The question: “[There] is a company called Mannatech, a maker of nutritional supplements, with which you had a 10-year relationship. They offered claims they could cure autism, cancer. They paid $7 million to settle a deceptive marketing lawsuit in Texas, and yet your involvement continued. Why?”
Carson’s answer: “I didn’t have any involvement with them. That is total propaganda, and this is what happens in our society.”
Actually, what happens in our society, all too often, is that politicians shamelessly lie. It’s not “total propaganda” that Carson had a long affiliation with this snake-oil firm. It is, in fact, the truth — as documented by The Wall Street Journal and National Review — neither of which qualifies as Duh Librul Media. He did promotional videos, he appeared on their website, he lauded the company in a PBS documentary. In fact, National Review was so appalled by his debate answer that the conservative outlet is newly assailing his “bald-faced lies” and “blatantly lying.”
And Donald Trump whined exquisitely when he was asked why he had attacked Facebook’s Mark Zuckerberg. (Zuckerberg wants more immigrant visas for high-tech workers, and Trump doesn’t like that.) Problem was, Trump insisted that he had never attacked Zuckerberg, that it was just something the media made up (“You people write the stuff”). But later, the CNBC questioner pointed out that Trump’s attack was featured on Trump’s own website. Did Trump apologize and credit the media for its accuracy? Nah.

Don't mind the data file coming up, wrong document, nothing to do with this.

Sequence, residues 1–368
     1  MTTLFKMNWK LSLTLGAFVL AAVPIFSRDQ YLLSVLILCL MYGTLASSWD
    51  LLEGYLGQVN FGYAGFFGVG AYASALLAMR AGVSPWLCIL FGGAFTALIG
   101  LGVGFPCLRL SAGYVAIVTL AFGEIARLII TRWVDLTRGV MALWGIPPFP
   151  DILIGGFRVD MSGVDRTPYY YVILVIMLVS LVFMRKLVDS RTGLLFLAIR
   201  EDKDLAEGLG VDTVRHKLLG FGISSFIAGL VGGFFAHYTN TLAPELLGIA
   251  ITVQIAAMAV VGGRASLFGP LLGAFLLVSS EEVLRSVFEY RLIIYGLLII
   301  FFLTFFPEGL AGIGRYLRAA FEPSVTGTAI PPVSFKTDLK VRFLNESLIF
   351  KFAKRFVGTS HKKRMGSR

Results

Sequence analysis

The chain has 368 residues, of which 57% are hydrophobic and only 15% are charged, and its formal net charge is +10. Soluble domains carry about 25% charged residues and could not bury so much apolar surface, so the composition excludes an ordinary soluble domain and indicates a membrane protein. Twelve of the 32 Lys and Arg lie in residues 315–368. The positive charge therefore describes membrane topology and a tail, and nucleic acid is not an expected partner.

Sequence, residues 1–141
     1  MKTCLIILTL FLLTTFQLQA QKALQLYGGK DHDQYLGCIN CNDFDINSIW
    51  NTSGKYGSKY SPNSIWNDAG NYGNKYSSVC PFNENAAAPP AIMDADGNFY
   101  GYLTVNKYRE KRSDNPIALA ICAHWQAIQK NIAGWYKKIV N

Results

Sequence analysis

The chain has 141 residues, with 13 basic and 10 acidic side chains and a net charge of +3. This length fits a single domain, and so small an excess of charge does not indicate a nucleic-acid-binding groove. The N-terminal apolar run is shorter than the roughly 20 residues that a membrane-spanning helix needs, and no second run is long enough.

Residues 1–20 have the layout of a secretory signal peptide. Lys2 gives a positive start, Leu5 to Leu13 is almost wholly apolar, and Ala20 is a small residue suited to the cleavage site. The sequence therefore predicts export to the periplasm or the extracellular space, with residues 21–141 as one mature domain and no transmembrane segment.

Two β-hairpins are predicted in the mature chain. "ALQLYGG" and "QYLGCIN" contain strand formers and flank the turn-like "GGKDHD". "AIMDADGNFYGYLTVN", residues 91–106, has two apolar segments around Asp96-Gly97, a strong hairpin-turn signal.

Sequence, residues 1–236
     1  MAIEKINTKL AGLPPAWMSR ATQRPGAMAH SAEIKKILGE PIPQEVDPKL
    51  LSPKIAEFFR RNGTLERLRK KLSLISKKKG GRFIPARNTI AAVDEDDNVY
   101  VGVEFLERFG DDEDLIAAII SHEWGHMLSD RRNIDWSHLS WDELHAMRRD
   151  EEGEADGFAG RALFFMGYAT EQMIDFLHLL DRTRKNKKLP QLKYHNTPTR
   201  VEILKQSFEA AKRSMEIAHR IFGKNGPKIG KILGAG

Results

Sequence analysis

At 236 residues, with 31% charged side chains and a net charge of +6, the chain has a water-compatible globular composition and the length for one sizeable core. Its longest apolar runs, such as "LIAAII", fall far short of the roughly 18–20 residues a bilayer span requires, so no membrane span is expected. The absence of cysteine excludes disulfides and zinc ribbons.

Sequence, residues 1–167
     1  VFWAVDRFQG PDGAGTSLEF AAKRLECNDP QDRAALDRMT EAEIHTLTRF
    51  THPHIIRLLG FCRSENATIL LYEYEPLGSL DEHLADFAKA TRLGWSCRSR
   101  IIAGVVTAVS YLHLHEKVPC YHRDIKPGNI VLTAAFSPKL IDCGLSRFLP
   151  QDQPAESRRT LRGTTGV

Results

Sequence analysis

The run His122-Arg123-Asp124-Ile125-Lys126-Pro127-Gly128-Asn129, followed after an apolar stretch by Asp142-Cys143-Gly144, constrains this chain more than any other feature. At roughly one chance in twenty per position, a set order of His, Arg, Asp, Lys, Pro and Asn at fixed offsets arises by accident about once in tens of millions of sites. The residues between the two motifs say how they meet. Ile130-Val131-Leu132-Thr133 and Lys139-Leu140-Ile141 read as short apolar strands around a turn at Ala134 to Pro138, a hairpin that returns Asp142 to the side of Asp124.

Did the CNBC moderators ask some silly or needlessly provocative questions, perhaps hoping to gin up the ratings? Absolutely. It’s all part of the game. Like when Cruz was asked, “You have a toxic relationship with GOP leaders in Congress …. How can you win in 2016 when you’re such a divisive figure?” Or like when John Kasich was goaded to attack a rival on stage: “Gov. Kasich, I know you don’t like to talk about Donald Trump.” Or when Trump was goaded to attack Jeb Bush: “Gov. Bush has called your [immigration] remarks ‘extraordinarily ugly …. Talk to him directly.”
Wait a second — oops! Those three questions were posed to the candidates during their first debate. By moderators who worked for the sponsoring media outlet: Fox News.
Gee. Why didn’t Cruz and the other whiners lash out at “the media” that night? Why was it OK for Fox News to pit them against each other? How come they didn’t scapegoat Fox News for conducting a “cage match”? As if we don’t know. When the goal is to woo conservative voters during Republican primary season, it would be bad politics to whine about Fox News. But it’s great politics to whine about the “mainstream media,” even when it’s playing the same ratings game as Fox News.
This is just what right-wing politicians do when they need an enemy. We saw the same thing nearly half a century ago when Nixon dispatched Spiro Agnew, his vice presidential attack dog, to bark at the moon. Four years later, lest we forget, Agnew had to cop a plea to avoid jail on a corruption rap — thanks to a case that investigative reporters had helped to unearth. In the end, that scoundrel’s media-whining came to naught. He won’t be the last.